Title
Phenotypic spectrum of the SMAD3-related aneurysmsosteoarthritis syndromePhenotypic spectrum of the SMAD3-related aneurysmsosteoarthritis syndrome
Author
Faculty/Department
Faculty of Medicine and Health Sciences
Research group
Medical Genetics (MEDGEN)
Publication type
article
Publication
London,
Subject
Human medicine
Source (journal)
Journal of medical genetics. - London
Volume/pages
49(2012):1, p. 47-57
ISSN
0022-2593
ISI
000298400500008
Carrier
E
Target language
English (eng)
Full text (Publishers DOI)
Affiliation
University of Antwerp
Abstract
Background Aneurysmsosteoarthritis syndrome (AOS) is a new autosomal dominant syndromic form of thoracic aortic aneurysms and dissections characterised by the presence of arterial aneurysms and tortuosity, mild craniofacial, skeletal and cutaneous anomalies, and early-onset osteoarthritis. AOS is caused by mutations in the SMAD3 gene. Methods A cohort of 393 patients with aneurysms without mutation in FBN1, TGFBR1 and TGFBR2 was screened for mutations in SMAD3. The patients originated from The Netherlands, Belgium, Switzerland and USA. The clinical phenotype in a total of 45 patients from eight different AOS families with eight different SMAD3 mutations is described. In all patients with a SMAD3 mutation, clinical records were reviewed and extensive genetic, cardiovascular and orthopaedic examinations were performed. Results Five novel SMAD3 mutations (one nonsense, two missense and two frame-shift mutations) were identified in five new AOS families. A follow-up description of the three families with a SMAD3 mutation previously described by the authors was included. In the majority of patients, early-onset joint abnormalities, including osteoarthritis and osteochondritis dissecans, were the initial symptom for which medical advice was sought. Cardiovascular abnormalities were present in almost 90% of patients, and involved mainly aortic aneurysms and dissections. Aneurysms and tortuosity were found in the aorta and other arteries throughout the body, including intracranial arteries. Of the patients who first presented with joint abnormalities, 20% died suddenly from aortic dissection. The presence of mild craniofacial abnormalities including hypertelorism and abnormal uvula may aid the recognition of this syndrome. Conclusion The authors provide further insight into the phenotype of AOS with SMAD3 mutations, and present recommendations for a clinical work-up.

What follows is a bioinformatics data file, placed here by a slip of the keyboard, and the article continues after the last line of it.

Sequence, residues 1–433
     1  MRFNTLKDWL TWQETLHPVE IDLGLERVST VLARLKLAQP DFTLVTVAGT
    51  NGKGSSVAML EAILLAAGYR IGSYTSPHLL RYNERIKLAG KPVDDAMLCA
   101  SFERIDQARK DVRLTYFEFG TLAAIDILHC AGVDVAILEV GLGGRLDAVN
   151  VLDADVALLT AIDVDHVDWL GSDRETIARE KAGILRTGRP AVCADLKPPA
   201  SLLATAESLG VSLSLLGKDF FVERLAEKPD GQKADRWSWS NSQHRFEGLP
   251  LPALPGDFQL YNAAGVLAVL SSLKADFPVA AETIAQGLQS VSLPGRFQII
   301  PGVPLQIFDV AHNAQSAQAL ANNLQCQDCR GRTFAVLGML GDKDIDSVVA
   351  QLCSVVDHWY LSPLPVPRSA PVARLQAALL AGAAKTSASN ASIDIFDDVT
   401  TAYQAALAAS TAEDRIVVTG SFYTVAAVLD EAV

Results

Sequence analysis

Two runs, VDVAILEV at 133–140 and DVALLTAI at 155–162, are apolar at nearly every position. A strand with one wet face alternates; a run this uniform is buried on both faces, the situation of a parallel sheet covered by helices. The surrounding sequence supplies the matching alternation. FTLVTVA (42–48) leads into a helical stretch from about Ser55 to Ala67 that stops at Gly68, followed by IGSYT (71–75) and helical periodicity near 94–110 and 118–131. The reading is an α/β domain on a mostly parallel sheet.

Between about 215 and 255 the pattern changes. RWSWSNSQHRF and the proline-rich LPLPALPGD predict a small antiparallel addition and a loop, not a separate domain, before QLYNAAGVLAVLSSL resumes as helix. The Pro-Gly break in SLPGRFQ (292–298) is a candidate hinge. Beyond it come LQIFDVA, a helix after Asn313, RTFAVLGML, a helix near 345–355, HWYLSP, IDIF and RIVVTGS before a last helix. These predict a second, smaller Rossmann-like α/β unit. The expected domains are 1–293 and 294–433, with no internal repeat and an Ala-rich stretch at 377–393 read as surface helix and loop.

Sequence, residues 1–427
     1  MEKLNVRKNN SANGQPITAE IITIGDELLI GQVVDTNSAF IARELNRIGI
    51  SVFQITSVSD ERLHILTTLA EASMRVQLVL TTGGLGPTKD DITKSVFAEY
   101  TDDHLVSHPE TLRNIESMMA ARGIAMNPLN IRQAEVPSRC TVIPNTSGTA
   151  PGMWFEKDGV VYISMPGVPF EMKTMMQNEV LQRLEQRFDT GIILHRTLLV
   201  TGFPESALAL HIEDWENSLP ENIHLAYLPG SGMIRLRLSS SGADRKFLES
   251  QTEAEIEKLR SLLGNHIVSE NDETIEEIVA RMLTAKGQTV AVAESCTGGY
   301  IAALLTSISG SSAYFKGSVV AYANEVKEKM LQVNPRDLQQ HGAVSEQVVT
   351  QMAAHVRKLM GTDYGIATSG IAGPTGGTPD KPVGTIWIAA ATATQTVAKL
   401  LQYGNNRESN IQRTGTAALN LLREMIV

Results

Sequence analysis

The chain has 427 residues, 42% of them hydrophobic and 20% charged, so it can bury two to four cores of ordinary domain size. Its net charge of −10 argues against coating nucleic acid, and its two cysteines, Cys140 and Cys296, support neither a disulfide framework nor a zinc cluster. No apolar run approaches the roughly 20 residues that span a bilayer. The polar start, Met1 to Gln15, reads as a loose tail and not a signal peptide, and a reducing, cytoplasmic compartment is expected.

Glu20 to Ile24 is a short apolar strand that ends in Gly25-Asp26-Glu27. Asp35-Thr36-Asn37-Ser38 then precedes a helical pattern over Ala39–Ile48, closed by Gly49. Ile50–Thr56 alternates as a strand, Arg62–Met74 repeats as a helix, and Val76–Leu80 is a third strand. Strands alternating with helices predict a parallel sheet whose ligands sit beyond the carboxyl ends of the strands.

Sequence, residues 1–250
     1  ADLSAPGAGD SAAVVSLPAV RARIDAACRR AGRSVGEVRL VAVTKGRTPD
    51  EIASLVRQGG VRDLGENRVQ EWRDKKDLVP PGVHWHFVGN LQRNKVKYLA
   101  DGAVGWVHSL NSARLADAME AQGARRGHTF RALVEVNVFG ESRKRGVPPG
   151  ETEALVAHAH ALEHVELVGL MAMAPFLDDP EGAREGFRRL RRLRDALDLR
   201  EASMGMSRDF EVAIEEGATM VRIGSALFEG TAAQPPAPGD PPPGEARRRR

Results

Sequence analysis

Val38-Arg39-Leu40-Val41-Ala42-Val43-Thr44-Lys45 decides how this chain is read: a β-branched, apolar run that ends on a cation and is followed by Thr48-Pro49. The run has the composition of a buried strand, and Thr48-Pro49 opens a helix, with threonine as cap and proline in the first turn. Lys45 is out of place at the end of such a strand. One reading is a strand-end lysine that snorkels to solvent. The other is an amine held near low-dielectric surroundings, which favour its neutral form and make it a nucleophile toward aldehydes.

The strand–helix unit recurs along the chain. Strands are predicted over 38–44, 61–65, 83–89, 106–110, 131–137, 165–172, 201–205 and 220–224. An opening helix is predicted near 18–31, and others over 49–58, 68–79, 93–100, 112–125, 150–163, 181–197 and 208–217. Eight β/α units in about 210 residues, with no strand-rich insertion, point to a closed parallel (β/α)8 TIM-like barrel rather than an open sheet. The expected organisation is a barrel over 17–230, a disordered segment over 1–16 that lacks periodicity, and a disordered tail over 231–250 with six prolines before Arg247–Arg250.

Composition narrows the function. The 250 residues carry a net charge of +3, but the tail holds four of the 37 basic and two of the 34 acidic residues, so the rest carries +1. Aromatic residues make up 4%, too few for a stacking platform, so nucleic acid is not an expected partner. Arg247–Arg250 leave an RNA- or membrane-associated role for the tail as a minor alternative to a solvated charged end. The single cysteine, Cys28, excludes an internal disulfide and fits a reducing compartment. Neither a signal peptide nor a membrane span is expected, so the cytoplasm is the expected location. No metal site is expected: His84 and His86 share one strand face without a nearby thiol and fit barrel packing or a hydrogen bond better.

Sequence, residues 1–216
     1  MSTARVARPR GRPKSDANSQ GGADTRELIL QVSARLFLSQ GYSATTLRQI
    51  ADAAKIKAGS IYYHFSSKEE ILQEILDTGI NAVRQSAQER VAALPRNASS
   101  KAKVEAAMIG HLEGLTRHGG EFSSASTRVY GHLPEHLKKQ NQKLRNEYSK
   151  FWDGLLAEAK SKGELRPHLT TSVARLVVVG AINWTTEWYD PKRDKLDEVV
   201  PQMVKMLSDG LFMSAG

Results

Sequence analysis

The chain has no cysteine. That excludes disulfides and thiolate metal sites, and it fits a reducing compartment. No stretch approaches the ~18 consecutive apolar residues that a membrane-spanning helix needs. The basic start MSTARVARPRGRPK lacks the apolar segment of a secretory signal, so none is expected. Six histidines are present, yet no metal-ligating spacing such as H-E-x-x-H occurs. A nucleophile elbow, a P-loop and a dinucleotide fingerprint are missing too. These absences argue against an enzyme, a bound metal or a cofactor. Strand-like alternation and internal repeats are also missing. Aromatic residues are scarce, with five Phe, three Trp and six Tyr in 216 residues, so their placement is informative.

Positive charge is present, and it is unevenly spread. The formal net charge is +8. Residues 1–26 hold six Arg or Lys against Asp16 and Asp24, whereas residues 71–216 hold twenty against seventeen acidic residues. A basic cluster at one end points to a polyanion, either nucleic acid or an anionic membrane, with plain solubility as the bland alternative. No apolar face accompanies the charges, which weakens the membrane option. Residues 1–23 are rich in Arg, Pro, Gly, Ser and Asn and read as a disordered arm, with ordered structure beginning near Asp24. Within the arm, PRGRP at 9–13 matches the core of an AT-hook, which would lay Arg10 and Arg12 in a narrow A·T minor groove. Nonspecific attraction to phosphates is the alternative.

Full text (open access)
https://repository.uantwerpen.be/docman/irua/95afc2/9cd3a64f.pdf
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